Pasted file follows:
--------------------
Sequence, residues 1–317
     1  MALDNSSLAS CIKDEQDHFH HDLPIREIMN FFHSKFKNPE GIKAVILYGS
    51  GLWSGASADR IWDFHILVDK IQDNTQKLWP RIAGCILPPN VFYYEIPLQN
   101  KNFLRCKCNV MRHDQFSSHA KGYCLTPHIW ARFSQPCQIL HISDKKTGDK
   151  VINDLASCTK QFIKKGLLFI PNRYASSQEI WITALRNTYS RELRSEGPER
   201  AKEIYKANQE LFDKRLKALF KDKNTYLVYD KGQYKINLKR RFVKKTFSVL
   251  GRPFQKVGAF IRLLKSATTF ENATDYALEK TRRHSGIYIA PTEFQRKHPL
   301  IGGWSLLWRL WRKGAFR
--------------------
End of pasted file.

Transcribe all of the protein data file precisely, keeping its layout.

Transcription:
Sequence, residues 1–317
     1  MALDNSSLAS CIKDEQDHFH HDLPIREIMN FFHSKFKNPE GIKAVILYGS
    51  GLWSGASADR IWDFHILVDK IQDNTQKLWP RIAGCILPPN VFYYEIPLQN
   101  KNFLRCKCNV MRHDQFSSHA KGYCLTPHIW ARFSQPCQIL HISDKKTGDK
   151  VINDLASCTK QFIKKGLLFI PNRYASSQEI WITALRNTYS RELRSEGPER
   201  AKEIYKANQE LFDKRLKALF KDKNTYLVYD KGQYKINLKR RFVKKTFSVL
   251  GRPFQKVGAF IRLLKSATTF ENATDYALEK TRRHSGIYIA PTEFQRKHPL
   301  IGGWSLLWRL WRKGAFR